I guess many people feel pushed into this complex plane simple exp(iwt). This drawing begs the question : In which phase are you ?
I'm not in an eigenstate, and my overall phase is non-observable anyway ;-)
I like it. Hmm, I'm not sure "Fatalism" is best for the negative real axis though. Maybe "Fantasy"?
Isn't Im(Fantasy) \neq 0 ?
You guys are too smart for me!
Hi Rae Ann: I meant to add a minimum of explanation, but I was too tired yesterday. R is the 'Real' axis (where all the numbers are you find on your bank statement), I is the Imaginary axis. You introduce it so you can solve all polynomial equations (the equation x^2 = -1 does not have a solution in R but on I). If you draw a vector in the plane from the origin to the unit circle, it is called a pure 'phase' meaning its length equals one. You can multiply these phases by adding the angles, i.e. it's a rotation. If you know this, you can easily take the n'th root of 1: it's the point on the unit circle with an angle that - when added n times - brings you back to one. I've always been a big fan of complex numbers :-) If you chose an arbitrary point in the complex plane, you can assign to it a Real and an Imaginary part, that are the projections on the two axis. The Imaginary part is usually denoted with Im( something ), the real part with Re( something ) What I meant above with Im(Fantasy) neq 0 is that, at least as far as I am concerned, fantasies imply a non-vanishing amount of imagination ;-)Best,B.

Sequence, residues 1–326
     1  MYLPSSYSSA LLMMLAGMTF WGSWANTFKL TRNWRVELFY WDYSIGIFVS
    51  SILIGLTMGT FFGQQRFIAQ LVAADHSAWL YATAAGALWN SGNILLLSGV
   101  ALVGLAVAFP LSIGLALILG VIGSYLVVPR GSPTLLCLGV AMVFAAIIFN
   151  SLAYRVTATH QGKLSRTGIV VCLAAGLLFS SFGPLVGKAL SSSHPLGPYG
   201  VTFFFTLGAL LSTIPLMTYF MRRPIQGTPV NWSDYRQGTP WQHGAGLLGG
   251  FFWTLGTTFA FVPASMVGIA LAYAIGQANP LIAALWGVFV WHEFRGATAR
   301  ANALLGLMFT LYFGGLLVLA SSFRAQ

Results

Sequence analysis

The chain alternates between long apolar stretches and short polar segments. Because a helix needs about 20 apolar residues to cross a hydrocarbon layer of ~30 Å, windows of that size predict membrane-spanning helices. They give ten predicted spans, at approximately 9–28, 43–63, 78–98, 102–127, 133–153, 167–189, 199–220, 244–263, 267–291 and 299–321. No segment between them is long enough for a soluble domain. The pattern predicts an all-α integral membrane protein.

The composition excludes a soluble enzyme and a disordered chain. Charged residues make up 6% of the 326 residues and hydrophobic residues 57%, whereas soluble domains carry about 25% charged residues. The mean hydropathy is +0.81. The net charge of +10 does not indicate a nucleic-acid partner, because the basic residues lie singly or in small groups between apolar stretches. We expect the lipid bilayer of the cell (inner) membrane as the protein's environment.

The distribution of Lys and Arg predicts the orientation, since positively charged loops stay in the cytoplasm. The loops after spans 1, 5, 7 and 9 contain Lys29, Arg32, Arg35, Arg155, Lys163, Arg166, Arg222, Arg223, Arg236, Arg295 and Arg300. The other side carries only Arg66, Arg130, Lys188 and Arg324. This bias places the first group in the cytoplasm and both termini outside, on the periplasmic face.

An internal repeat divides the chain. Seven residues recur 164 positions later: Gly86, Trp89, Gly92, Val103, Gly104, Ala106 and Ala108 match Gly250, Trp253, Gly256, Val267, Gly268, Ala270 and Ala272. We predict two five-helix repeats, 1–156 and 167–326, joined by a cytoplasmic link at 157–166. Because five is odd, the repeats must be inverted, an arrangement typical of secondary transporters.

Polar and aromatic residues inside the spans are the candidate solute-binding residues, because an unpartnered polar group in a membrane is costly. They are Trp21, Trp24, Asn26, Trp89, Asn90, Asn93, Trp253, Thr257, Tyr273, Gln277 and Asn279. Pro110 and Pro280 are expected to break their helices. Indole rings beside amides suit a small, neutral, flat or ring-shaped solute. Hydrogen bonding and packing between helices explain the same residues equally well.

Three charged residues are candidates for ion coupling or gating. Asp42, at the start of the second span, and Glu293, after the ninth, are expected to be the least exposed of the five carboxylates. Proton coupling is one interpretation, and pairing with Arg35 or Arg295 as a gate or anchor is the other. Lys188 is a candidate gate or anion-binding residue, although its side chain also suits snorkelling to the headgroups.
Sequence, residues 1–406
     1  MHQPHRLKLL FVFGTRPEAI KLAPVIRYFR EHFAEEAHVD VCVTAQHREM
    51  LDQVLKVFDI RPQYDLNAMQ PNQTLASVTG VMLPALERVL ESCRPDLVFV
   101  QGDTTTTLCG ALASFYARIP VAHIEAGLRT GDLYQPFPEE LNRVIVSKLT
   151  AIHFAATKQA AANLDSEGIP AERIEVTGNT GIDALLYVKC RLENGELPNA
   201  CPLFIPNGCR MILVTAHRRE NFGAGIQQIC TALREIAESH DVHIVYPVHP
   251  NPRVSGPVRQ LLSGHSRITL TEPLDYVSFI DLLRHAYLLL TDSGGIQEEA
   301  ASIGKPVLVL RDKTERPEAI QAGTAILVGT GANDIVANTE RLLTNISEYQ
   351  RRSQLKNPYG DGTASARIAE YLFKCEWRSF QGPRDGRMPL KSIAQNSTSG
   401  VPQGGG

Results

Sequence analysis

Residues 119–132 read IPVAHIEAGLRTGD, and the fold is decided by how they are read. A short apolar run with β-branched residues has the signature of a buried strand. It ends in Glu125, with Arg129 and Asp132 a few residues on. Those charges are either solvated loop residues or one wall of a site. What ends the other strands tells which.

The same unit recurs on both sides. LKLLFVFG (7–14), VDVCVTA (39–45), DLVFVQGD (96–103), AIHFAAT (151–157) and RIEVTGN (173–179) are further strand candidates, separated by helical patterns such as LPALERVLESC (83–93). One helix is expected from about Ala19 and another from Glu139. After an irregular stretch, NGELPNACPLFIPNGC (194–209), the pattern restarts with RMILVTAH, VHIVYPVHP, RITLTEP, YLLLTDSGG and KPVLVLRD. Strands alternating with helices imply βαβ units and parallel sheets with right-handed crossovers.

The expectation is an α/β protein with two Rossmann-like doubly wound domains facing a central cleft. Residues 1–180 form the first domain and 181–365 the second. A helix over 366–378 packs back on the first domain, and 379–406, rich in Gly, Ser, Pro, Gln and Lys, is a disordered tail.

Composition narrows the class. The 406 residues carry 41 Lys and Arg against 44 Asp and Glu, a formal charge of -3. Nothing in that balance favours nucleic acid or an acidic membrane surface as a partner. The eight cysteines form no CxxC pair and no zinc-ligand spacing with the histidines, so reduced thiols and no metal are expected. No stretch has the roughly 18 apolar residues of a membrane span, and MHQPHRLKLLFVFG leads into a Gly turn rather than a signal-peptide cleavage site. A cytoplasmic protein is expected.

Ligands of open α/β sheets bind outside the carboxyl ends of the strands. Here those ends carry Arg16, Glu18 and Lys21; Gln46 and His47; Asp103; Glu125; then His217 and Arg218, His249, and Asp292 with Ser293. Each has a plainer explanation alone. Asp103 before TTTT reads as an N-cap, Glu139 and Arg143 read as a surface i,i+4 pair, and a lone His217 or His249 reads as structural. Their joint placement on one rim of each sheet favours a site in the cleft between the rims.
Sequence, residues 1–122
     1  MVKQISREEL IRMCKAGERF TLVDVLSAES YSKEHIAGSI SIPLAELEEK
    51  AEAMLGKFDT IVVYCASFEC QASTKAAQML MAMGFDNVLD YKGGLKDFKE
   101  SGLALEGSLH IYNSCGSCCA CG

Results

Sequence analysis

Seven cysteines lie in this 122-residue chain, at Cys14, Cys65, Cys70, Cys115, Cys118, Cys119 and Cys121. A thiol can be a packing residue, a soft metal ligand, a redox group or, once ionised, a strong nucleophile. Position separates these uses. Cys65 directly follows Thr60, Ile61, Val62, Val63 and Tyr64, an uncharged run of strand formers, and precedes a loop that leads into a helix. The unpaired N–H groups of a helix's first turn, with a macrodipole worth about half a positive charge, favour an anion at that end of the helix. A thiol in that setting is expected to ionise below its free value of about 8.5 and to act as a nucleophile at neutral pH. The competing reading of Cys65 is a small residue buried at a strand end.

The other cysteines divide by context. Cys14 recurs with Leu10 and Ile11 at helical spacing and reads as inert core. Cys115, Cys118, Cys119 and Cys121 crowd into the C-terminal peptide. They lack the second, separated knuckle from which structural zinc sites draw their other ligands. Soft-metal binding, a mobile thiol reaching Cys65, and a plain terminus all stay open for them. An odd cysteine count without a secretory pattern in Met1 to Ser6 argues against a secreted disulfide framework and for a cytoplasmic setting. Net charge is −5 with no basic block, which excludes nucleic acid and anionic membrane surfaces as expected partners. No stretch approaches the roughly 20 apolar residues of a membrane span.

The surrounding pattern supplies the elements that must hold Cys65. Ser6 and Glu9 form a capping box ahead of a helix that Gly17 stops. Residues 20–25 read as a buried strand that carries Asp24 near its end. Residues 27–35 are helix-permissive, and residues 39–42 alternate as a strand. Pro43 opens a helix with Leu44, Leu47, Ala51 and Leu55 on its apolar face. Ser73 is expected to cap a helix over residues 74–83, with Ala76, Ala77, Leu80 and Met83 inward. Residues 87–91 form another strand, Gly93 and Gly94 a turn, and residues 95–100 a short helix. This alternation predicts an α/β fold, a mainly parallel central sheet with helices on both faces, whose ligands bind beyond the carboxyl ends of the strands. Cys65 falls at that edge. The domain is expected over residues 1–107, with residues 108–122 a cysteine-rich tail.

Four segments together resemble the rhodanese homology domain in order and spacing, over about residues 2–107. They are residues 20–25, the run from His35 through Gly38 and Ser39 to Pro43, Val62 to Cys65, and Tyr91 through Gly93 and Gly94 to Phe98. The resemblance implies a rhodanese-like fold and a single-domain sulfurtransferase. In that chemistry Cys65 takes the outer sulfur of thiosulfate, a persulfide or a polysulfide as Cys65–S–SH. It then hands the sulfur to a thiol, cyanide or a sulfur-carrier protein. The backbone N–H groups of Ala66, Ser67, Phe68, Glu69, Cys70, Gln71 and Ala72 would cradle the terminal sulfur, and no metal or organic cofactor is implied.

There you go giving Bush the Lesser ideas for his many sub rosa European torture prisons. As they say in the US Department of Justice,"Albanians gotta eat too!"
Hahahaha! I'm totally going to print this out on a ferromagnetic backing and use it like a "how are you feeling today?" poster. :)
Mersenne PrimeIt looks as though primes tend to concentrate in certain curves that swoop away to the northwest and southwest, like the curve marked by the blue arrow. (The numbers on that curve are of the form x(x+1) + 41, the famous prime-generating formula discovered by Euler in 1774.)A mandalas of sorts?One we like to design to help us draw "the relationships" in our life? Could it be so simple that underlying the everyday life that a geometrical pattern would have also come with it?Just use Bee's:)The universality is in the understanding that "all life precedes in such a fashion" when you reduce the chaotic events of the day to such a "geometrical substance?"That is wo/man's nature?
Uncle Al, I guess imaginary numbers are a bit shrouded in secrecy... And if I'm reading you right, I completely agree that this couple standing back-to-back is trapped in a complex wheel, appearing as though they're in a medieval torture chamber of sorts!;~)
Bee,It worries me that both your optimism and pessimism see equally unrealistic ;)
see -> seem, I meant.
CIP,Optimism and pessimism are states of mind, not of reality. I think Bee is quite correct.
Which explains "It is clear, then, that the term 'reality' (which in this context means 'reality as a whole') is not properly to be regarded as part of the content of thought. Or, to put this in another way, we may say that reality is no thing and that it is also not the totality of all things, i.e. we are not to identify 'reality' with 'everything'."Optimism, pessimism are part of the content of thought, but not of reality. We cannot identify reality with everything (e.g., optimism). I don't get "reality is no thing" unless it means "no single thing".